Disrupting the Archive: Multi-media approaches to Latina/os and Eugenic Sterilization in 20th century California
Over 60,000 people were sterilized in the United States during the 20th century under eugenic laws in 32 states. California led the nation in eugenic sterilizations performing over 20,000, or one-third of the total sterilizations, on patients in state institutions for the “feebleminded” and “insane.” Through a collaborative project called Eugenic Rubicon: An Interactive Archive of Sterilization in 20th Century California, Drs. Lira, Wernimont, and Stern seek to make the history of eugenic sterilization in California visible, accessible, and interactive through the use of digital platforms, big data analysis, data visualization, and interpretative devices. Our project draws from a one-of-a-kind archive of close to 20,000 patient sterilization records from California institutions from the period 1919-1952. In this panel we will share our efforts to integrate questions of race, gender, sexuality and the particular experiences of Latina/o patients in meaningful and transformative ways. We will preview our web platform, present demographic and statistical analysis related to Latina/o patient records, and “perform the archive” through interactive sonic and haptic interpretations of data. Within new media studies and digital humanities, haptics (vibrotactile perception) and sonics have emerged as important ways of knowing and draw attention to the affective dimensions of computational and archival work. Our panel is deliberately promiscuous with respect to disciplines and practices, entangling distinct modes and methods of scholarship and artistic practice to transgress disciplinary boundaries. We seek to create new digital and multi-sensorial ways of embodying, conveying, and humanizing lived experiences of Latina/os subjected to multiple forms of bodily and bureaucratic erasure.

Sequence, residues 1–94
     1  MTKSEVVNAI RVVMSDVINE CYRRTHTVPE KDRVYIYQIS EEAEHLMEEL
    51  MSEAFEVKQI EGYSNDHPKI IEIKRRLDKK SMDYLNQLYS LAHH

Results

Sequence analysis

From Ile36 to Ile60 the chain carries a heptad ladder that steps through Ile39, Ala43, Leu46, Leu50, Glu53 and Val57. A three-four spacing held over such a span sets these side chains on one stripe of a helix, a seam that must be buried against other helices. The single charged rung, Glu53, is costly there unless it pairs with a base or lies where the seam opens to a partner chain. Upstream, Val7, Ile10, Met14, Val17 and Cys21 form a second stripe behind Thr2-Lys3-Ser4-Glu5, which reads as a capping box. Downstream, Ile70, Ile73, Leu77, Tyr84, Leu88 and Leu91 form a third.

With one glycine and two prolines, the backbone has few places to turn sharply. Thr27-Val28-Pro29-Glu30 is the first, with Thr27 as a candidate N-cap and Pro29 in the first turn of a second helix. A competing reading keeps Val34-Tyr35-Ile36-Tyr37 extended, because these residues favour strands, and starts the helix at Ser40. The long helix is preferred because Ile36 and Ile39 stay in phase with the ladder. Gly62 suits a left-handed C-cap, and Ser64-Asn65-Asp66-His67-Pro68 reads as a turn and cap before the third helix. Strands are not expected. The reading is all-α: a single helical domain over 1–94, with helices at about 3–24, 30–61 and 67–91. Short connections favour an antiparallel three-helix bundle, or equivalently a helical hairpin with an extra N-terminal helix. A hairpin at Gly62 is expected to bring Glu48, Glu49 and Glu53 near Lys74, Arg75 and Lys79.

Beyond sharing research on Latina/o patients’ experiences of sterilization in California institutions during the 1920s-1950s, this panel seeks to engage the panelists, respondents, and audience in questions related to multi-media and multi-sensorial approaches to historical archives, the role of digital humanities in Latina/o Studies, and how to responsibly share the personal stories of Latina/o patients whose lives and bodies were violated by the state.

Thursday May 12, 2016 2:30pm - 3:45pm
COOR L1-84 975 S Myrtle Ave Arizona State University Tempe, AZ 85281
  • Session Location COOR L1-84
Friday, May 13


From Texts to InPhO (and back!)
In this hands on workshop, we will provide an introduction to LDA Topic Modeling using the InPhO Topic Explorer - a new corpus construction and modeling framework made specifically for digital humanists. It features cross-platform support for Windows, Mac, and Linux with a simple single-command installation process. We show how this framework has been used for research on the HathiTrust Digital Library, Darwin's Reading Notebooks, the Old Bailey Online, and the Stanford Encyclopedia of Philosophy. The Topic Explorer also has the capacity to import any arbitrary collection of PDFs, TEI, and plain-text files. We can show how the process of replicable workflows enables rapid experimentation in the humanities and can enrich exploration by moving from texts to topics and back again.

Friday May 13, 2016 11:45am - 12:45pm
COOR L1-84 975 S Myrtle Ave Arizona State University Tempe, AZ 85281
  • Session Location COOR L1-84


ADAPTability of games to teach digital literacy
Digital literacy and its implications on safety have become necessary skills to develop in our interconnected world. In a professional setting, how journalists communicate with whistleblowers through insecure channels can endanger the lives of the journalist and their source. Yet, these skills are rarely taught at journalism school programs (Columbia University being a notable exception). Lack of these skills can also lead to over sharing of information and physical or emotional danger through online harassment.

In this interactive session, we will demonstrate how ADAPT, a game created by CommunityRED to develop skills for risk assessment, can be used as a pedagogical tool to develop critical skills in digital literacy and digital safety. Participants will take the role of an American journalist working in an repressive environment to learn about secure communication and risk analysis in the digital environment.

We will have specific activities to show how different skills can be gained from the same game. After the demonstration, we will hold a short conversation about the learning goals and efficacy of ADAPT for teaching both hard and soft skills around digital security and digital literacy.

Friday May 13, 2016 1:00pm - 2:00pm
COOR L1-84 975 S Myrtle Ave Arizona State University Tempe, AZ 85281
  • Session Location COOR L1-84